NSMutableDictionary *   postData;
   int                              statusCode;
   CFMutableStringRef         cfReplyContent;
   NSTimer *                     timeoutTimer;
   NSObject *                     delegate;
   CFStreamClientContext   cfContext;
}
- (id) initWithServerURL: (NSURL *) server;
- (id) initWithServerURL: (NSURL *) server 
                     postData: (NSDictionary *) initialData;
- (void) setPostString: (NSString *) string
                        forKey: (NSString *) key;
- (void) post;
- (void) cancel;
- (int) statusCode;
- (NSString *) replyContent;
- (NSObject *) delegate;
- (void) setDelegate: (NSObject *) aDelegate;
@end

FAWebPostDelegate
This is an informal protocol that must be implemented by any object that is passed to the 
setDelegate: method of an FAWebPostQuery. It declares the signature of the callback message that is 
sent to the delegate object when the query either completes or fails.

@interface NSObject (FAWebPostDelegate)
- (void) webPostQuery: (FAWebPostQuery *) query
   completedWithResult: (int) code;
@end

Listing 2b: FAWebPostQuery.m

//
//  FAWebPostQuery.m
//  Jefferson
//
#import "FAWebPostQuery.h"
#import   "httpFlattening.h"
#define   READ_SIZE         1024
NSString * const   FAWebPostAlreadyPosted
               = @"FAWebPostAlreadyPosted";
static CFTimeInterval   sPostTimeout = 15.0;
//   A template for HTTP stream-client contexts
static CFStreamClientContext   sContext = {
   0, nil,
   CFClientRetain, 
   CFClientRelease, 
   CFClientDescribeCopy
};
   
class FAWebPostQuery
@implementation FAWebPostQuery

timeoutInterval
A class method that returns the interval, in seconds, after which an HTTP connection is considered to 
have timed out. When a query is posted, the reply must begin arriving within this time interval, and 
gaps between batches of data may not last longer. If the timer runs out, the connection is closed and 
the query fails with the error status FAWebPostTimedOut.

+ (CFTimeInterval) timeoutInterval
{ return sPostTimeout; }
setTimeoutInterval
Sets the length, in seconds, for all timeout intervals beginning after this class method is called.
+ (void) setTimeoutInterval: (CFTimeInterval) newInterval
{
   sPostTimeout = newInterval;
}

CFClientRetain
A glue function bridging the Objective-C FAWebPostQuery object to Core Foundation. A pointer to this 
function goes into the retain field of the client context for the HTTP CFStream that services the 
reply to the query.

void *
CFClientRetain(void *   selfPtr)
{
   FAWebPostQuery *   object
            = (FAWebPostQuery *) selfPtr;
            
   return [object retain];
}

CFClientRelease
A glue function bridging the Objective-C FAWebPostQuery object to Core Foundation. A pointer to this 
function goes into the release field of the client context for the HTTP CFStream that services the
reply to the query.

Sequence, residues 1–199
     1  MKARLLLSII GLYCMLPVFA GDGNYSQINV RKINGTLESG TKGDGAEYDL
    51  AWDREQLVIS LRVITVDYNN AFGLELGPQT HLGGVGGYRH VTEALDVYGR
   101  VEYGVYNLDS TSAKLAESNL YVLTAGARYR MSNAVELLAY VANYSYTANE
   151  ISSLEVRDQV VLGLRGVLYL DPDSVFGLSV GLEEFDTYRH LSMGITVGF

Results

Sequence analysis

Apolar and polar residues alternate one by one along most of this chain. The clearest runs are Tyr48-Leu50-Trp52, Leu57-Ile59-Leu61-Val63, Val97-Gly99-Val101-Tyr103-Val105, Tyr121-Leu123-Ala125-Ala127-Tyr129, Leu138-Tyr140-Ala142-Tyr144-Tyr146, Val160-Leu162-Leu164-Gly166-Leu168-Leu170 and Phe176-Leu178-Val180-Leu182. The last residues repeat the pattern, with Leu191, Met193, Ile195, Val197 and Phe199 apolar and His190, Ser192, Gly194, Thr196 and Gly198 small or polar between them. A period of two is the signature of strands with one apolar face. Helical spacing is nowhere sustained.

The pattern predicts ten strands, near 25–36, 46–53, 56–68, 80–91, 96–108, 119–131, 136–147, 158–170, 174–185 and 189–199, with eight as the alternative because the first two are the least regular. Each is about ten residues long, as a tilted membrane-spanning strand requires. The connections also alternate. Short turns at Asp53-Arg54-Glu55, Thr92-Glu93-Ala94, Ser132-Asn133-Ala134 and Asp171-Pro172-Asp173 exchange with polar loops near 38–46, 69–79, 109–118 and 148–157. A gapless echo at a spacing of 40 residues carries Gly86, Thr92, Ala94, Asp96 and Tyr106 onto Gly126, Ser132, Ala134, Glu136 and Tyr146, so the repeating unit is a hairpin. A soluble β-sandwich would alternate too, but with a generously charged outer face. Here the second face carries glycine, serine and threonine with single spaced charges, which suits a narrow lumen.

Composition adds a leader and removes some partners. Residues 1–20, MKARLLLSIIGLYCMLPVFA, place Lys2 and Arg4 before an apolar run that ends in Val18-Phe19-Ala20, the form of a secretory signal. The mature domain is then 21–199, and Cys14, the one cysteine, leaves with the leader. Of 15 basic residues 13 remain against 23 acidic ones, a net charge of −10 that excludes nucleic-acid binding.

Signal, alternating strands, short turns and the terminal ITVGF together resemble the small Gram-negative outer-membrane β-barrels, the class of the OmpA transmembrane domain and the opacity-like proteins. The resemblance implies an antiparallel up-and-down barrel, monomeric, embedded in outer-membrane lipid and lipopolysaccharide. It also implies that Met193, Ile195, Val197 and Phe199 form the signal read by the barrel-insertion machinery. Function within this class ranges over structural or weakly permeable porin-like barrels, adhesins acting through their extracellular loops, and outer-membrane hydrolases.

void
CFClientRelease(void *   selfPtr)
{
   FAWebPostQuery *   object
            = (FAWebPostQuery *) selfPtr;
            
   [object release];
}

CFClientDescribeCopy
A glue function bridging the Objective-C FAWebPostQuery object to Core Foundation. A pointer to this 
function goes into the copyDescription field of the client context for the HTTP CFStream that 
services the reply to the query.

CFStringRef
CFClientDescribeCopy(void *   selfPtr)
{
   FAWebPostQuery *   object
            = (FAWebPostQuery *) selfPtr;
            
   return (CFStringRef) [[object description] retain];
}

getResultCode
An internal-use method, called when the reply stream has indicated that it has either finished or 
experienced a fatal error. Retrieves the http header from the reply stream, if possible, and the 
http result code from the header. Sets the FAWebPostQuery's status code to the result code.

- (void) getResultCode
{
   if (replyStream) {
      //   Get the reply headers
      CFHTTPMessageRef   reply =
         (CFHTTPMessageRef) CFReadStreamCopyProperty(
            replyStream,
            kCFStreamPropertyHTTPResponseHeader);
                  
      //   Pull the status code from the headers
      if (reply) {
         statusCode = 
            CFHTTPMessageGetResponseStatusCode(reply);
         CFRelease(reply);
      }
   }
}

closeOutMessaging
An internal-use method, called when the CFReadStream that manages the queery reply is no longer 
needed--either because the whole reply has been received or because the request has failed. This 
method tears down the stream, the original POST query, and the timeout timer.

- (void) closeOutMessaging
{
   if (replyStream) {
      //   Close the read stream.
      CFReadStreamClose(replyStream);
      //   Deregister the callback client (learned this from WWDC session 805)
      CFReadStreamSetClient(replyStream, 0, NULL, NULL);
      //   Take the stream out of the run loop
      CFReadStreamUnscheduleFromRunLoop(
               replyStream,
               CFRunLoopGetCurrent(),
               kCFRunLoopCommonModes);
      //   Deallocate the stream pointer
      CFRelease(replyStream);
      //   Throw the spent pointer away
      replyStream = NULL;
   }
   
   if (timeoutTimer) {
      [timeoutTimer invalidate];
      [timeoutTimer release];
      timeoutTimer = nil;
   }
}

informDelegateOfCompletion
This method gets called when the query has completed, successfully or not, after the network streams 
have been torn down. If this object's client has set a delegate, inform the delegate of completion 
through the method webPostQuery:completedWithResult:.